When the earnings of low-income consumers change over the course of the year, a family can risk losing their health coverage if they shift between eligibility for Medicaid and eligibility for coverage on the health insurance exchanges that were set up under the Affordable Care Act.
Researchers call this “churning.” And it’s not new to Medicaid. But Obamacare added millions of new customers whose incomes hover near the Medicaid line. Health officials are concerned about how well the insurance marketplaces can handle the larger volume of customers moving between the two types of coverage.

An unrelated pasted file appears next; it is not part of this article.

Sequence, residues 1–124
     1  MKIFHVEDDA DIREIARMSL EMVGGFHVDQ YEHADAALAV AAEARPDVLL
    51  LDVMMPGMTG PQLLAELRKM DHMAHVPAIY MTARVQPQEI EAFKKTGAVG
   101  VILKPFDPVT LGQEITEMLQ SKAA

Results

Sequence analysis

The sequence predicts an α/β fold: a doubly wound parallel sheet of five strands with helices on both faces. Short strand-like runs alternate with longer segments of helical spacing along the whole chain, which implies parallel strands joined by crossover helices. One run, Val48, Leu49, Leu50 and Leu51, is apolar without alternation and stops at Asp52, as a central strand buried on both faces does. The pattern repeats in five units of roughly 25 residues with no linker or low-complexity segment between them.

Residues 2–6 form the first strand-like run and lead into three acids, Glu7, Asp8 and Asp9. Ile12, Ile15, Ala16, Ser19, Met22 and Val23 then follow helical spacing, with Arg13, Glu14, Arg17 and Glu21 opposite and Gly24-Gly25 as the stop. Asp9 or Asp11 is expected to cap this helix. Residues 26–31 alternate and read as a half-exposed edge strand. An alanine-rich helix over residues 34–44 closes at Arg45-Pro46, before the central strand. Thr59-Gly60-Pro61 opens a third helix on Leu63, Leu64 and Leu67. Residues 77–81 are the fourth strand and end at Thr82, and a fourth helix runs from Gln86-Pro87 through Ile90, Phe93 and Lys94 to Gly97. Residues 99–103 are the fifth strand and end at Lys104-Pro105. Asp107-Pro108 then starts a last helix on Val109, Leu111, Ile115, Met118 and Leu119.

The Affordable Care Act aims to minimize churning by making the state marketplaces a one-stop shop for both types of coverage. That’s still a work in progress. But some states are ahead of the curve in implementing strategies to help ensure that people don’t fall through the cracks — or have their coverage lapse while they’re switching plans.
Last year, when Jillian Naccache took in a roommate at her house in Bellingham, Wash., the extra money pushed her income above 138 percent of the federal poverty level ($16,105 for an
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